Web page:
Clichés once painted vivid pictures, but they’ve been so overused that their imagery has faded. For instance, the first time someone used the phrase out of the box it was a vivid metaphor to explain the idea of creative thinking. While being stuck in a box, we can’t come up with wild and crazy ideas. To be creative, we need to crawl out of that box. But now, the phrase out of the box is so tired, that nobody visualizes a box anymore. The imagery has completely faded, and that’s why it has become a cliché.

–Enchanting Marketing


It’s a bit cliche, but you can’t go wrong by writing what you know.  Even if you’re a horrible writer, your own knowledge and experience is unrivaled.  Nobody knows what you know like you know what you know.  The way you see things is pretty unique.

–Issa Rae


When writing, question any comparison or image you are about to use.  Cliches often sneak in the barn door (that’s a cliche by the way) when we are trying to be descriptive.  Is the phrase you’re about to use one that you’ve heard frequently in casual conversation, newscasts, and advertising?  If so, it is probably a cliche or on it’s way there.  Instead of using stock phrases and images, be creative.

–University of Richmond Writing Center


While you may be able to get away with tired tropes in certain circumstances, the fact of the matter is that fantasy readers are a die-hard, dedicated, well-read bunch. The majority of fantasy fans have read widely within the genre, meaning that they’ve practically seen it all when it comes to typical fantasy standbys.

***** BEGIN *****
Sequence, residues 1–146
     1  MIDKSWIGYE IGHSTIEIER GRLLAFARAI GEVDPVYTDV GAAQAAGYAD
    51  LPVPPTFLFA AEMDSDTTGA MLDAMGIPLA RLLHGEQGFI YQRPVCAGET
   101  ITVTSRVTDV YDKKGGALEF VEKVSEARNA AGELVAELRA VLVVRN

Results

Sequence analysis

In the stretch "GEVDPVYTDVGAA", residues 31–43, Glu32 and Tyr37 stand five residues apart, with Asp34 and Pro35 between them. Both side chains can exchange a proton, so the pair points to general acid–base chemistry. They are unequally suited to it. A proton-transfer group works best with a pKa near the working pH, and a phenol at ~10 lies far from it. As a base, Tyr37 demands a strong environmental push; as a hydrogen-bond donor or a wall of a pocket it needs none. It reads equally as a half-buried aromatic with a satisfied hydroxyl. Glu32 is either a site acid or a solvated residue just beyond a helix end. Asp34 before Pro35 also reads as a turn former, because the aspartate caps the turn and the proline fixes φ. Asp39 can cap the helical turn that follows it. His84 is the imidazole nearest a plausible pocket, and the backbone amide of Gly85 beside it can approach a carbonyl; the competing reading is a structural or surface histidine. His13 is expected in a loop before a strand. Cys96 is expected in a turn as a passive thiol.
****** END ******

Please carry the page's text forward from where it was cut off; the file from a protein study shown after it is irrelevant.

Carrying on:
Most of the time, if a fantasy reader picks up a novel that adds nothing new to the already well-established genre, they’ll do one of three things: drop it immediately, forget about it entirely, or review it poorly – none of which are good outcomes for authors trying to find an audience.

–Claire Bradshaw, B.A.


A newly invented metaphor assists thought by evoking a visual image, while on the other hand a metaphor which is technically ‘dead’; (e.g. iron resolution) has in effect reverted to being an ordinary word … But in between those two classes there is a huge dump of worn-out metaphors which have lost all evocative power and are merely used because they save people the trouble of inventing phrases for themselves.

–George Orwell


Every oak tree is gnarled.

Sometimes, so are the faces and hands of old, white men.

Every gentle wave is lapping upon the shore. Every mountain town is nestled in a valley, every chimney produces curled rings of smoke.

Every politician is slick, every banker is soulless. Journalists are moral and hardworking. Teachers are worn out. Every woman is unsatisfied, every man is flippant. Mothers are worn out too, but fathers are emotionless. Every woman has jet-black tresses, and every day starts with bitter coffee (which might also be scorching) and ends with whiskey. Who drinks whiskey? That old, white man with ice that clinks.

Clinks? Chinks? Tinkles?

In the city, there are cars honking, lights blinking, and many things are incessant—noise, screams, cries. Oh, and blaring lights. Lots of blaring lights that sometimes flicker.